In reality TTL has fired stronger because the subject does not fill the frame and is black so it's trying to make it an average grey . The result may be more pleasing to the eyes for some but essentially the problem is not with TTL/BL flash in this case . When you are using direct flash and want to light the subject correctly you can't expect the flash to light the background correctly as well as the subject and be accurate in both cases ,though , with TTL flash , there will be the odd occasion where the results will look good with the right combination of subject colour , size , and distance from the background which is pure luck .

So the problem is not the 'car' but the 'nut that holds the steering wheel ' .
If you are using direct flash you have to make sure you expose the ambient correctly - so that is what I have done , I adjusted the shutter speed to expose the background the way I wanted it and let the flash handle the subject - in this case TTL/BL senses that the ambient is having a greater effect on the subject and backs off accordingly .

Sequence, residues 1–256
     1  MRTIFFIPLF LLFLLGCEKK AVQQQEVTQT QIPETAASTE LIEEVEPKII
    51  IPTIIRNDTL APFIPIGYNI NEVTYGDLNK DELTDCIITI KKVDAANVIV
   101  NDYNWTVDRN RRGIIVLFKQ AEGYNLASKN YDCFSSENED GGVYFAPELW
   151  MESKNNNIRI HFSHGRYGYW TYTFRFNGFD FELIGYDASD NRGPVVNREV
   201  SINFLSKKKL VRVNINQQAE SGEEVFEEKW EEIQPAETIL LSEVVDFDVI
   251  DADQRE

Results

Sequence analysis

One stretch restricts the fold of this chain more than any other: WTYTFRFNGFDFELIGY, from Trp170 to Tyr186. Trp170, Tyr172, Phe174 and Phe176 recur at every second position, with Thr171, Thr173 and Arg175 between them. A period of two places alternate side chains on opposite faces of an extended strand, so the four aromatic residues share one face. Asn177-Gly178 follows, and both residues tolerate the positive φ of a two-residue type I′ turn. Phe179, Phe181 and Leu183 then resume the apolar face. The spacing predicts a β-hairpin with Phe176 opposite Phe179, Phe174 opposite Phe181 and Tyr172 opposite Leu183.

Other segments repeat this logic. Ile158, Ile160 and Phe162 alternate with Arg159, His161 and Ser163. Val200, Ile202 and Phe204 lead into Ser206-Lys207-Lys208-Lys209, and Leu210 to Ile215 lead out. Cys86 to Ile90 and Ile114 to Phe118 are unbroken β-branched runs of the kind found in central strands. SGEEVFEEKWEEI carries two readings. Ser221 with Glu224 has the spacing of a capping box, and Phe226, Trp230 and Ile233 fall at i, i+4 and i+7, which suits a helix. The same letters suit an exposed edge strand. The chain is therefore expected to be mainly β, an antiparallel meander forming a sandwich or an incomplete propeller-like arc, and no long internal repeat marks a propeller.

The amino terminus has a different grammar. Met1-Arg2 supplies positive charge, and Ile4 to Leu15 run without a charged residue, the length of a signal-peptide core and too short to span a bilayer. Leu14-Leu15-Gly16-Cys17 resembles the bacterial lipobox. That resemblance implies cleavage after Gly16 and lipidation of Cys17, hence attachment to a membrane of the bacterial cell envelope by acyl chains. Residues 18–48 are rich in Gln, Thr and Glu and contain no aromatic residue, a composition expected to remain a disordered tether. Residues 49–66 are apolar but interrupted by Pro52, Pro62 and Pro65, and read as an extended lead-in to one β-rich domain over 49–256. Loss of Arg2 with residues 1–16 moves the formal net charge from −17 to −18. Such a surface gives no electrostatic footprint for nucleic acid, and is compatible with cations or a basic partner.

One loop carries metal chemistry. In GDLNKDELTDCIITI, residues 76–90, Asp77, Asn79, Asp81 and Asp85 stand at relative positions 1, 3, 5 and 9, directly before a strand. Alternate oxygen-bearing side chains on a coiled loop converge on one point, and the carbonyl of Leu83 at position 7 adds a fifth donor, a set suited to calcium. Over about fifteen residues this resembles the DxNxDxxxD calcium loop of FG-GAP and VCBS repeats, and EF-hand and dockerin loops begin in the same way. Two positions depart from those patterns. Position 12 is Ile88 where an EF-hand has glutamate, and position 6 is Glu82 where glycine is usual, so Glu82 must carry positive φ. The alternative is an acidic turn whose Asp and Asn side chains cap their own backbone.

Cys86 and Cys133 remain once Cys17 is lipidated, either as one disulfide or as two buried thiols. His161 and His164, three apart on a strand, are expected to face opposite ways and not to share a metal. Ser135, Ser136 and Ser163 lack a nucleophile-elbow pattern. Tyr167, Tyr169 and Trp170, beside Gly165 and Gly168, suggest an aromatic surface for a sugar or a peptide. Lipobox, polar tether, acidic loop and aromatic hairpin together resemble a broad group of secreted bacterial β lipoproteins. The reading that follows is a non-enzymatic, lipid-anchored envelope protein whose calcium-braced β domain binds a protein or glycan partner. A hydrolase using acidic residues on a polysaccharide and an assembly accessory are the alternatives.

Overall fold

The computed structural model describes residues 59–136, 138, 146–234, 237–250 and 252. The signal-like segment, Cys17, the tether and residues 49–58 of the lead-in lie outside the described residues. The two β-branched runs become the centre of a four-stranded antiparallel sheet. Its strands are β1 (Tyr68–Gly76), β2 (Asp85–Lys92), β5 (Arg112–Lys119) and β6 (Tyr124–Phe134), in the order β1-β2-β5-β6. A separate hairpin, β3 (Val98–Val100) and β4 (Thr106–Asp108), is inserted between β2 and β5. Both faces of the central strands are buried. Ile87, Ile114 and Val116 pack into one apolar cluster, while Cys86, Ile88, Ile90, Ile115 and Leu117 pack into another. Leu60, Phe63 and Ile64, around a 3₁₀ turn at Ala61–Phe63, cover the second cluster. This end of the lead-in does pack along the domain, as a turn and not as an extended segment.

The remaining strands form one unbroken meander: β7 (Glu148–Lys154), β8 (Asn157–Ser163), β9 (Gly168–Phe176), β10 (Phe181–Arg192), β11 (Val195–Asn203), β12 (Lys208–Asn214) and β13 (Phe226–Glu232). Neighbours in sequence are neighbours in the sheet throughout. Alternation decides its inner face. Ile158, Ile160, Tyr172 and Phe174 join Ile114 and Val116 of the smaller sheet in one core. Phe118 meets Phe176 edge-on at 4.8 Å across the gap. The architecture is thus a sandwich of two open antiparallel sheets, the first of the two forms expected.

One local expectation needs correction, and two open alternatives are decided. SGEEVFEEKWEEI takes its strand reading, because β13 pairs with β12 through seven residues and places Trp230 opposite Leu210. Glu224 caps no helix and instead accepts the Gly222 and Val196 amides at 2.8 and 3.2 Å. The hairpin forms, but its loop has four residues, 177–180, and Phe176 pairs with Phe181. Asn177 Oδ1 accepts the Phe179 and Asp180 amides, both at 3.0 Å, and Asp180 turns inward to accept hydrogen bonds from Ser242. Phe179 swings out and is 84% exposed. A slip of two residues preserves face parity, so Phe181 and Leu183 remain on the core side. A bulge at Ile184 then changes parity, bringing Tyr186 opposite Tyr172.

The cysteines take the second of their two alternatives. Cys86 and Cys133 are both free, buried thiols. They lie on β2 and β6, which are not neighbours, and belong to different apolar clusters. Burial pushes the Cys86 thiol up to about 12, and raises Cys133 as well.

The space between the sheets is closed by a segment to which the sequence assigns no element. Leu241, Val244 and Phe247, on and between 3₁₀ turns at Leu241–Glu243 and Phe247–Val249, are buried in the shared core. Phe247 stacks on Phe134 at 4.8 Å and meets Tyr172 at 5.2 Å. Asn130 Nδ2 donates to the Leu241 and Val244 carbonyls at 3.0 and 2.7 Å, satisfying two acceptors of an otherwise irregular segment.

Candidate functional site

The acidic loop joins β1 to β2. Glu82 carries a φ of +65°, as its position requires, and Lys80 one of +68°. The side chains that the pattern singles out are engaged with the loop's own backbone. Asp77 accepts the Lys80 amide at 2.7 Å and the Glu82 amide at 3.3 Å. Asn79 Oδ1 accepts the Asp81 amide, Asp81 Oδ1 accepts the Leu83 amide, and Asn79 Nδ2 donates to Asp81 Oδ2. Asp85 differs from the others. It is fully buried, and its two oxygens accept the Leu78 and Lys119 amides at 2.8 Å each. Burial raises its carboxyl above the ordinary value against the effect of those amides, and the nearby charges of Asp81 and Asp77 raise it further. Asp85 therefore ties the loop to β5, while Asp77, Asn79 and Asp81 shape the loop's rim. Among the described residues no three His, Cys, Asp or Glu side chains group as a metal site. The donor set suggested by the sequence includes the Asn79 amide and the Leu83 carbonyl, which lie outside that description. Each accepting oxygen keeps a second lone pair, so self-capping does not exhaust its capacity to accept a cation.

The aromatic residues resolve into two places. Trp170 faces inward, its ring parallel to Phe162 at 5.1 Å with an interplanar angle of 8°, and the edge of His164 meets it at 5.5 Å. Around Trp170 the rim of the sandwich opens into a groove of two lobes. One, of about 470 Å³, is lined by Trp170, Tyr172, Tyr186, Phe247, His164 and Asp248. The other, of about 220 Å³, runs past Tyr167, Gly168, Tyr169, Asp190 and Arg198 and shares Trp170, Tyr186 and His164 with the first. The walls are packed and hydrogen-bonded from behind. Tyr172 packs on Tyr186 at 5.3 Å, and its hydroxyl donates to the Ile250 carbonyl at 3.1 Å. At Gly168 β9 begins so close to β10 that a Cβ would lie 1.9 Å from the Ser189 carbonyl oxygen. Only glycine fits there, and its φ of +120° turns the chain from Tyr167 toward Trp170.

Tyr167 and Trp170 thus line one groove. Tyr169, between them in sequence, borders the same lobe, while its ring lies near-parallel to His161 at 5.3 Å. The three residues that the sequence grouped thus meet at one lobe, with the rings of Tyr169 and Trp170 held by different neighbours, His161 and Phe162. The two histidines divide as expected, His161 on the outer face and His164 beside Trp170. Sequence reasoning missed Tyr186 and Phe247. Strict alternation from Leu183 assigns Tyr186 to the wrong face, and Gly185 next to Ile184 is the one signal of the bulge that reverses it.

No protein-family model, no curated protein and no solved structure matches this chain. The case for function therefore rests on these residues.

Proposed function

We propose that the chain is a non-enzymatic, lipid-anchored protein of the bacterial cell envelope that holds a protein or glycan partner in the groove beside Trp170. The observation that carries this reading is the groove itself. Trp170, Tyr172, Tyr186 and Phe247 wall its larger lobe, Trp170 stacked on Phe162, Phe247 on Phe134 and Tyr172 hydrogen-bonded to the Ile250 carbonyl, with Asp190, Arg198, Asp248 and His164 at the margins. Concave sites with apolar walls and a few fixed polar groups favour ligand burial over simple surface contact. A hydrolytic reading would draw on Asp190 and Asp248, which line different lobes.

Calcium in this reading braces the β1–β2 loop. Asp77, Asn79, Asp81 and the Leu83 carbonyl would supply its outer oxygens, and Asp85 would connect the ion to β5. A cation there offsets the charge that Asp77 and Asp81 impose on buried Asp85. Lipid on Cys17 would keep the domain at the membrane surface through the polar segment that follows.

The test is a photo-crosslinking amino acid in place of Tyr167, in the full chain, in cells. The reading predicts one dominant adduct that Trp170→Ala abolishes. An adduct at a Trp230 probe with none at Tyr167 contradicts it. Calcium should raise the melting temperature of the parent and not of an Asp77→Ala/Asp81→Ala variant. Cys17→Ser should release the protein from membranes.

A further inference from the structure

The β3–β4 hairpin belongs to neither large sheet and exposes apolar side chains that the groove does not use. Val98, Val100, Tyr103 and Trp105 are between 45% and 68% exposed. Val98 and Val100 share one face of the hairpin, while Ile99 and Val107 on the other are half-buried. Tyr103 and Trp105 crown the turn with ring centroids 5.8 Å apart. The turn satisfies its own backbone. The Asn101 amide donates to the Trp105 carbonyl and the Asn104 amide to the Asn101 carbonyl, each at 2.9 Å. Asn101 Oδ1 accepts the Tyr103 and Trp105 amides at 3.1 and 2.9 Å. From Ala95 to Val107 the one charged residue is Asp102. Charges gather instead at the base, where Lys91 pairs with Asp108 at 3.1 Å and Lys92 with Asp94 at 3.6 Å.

TTL on the other hand still thinks it is the only light source and fires too strong causing more blown highlights .

The conclusion of the matter ? If you are using direct flash with TTL/BL you are concentrating on the subject at a set distance and have to expose for the background with your normal camera settings , with direct flash and TTL on the other hand it all depends on how big your subject is in the centre of the frame , the subject colour , the background colour behind the subject in the centre of the frame that it meters from , the distance form the background that is having an effect on the metering .......
I choose TTL/BL and the advantage of the distance info from the lens with direct flash .Choose whichever you want - just understand how it works . [ and shoot manual flash when possible :smile: ] .

On page 1.) we established that TTL/BL uses the distance info from the lens "when the flash is facing forward" . Of course in most situations we want to avoid direct flash but outdoors where there is nothing to bounce off , and in bright sunlight where the flash isn't the main light source , we still use it sometimes .

Just a quick review of TTL/BL and the distance factor - first a properly focused picture ....


Then we manually go to close focus and the flash dims down automatically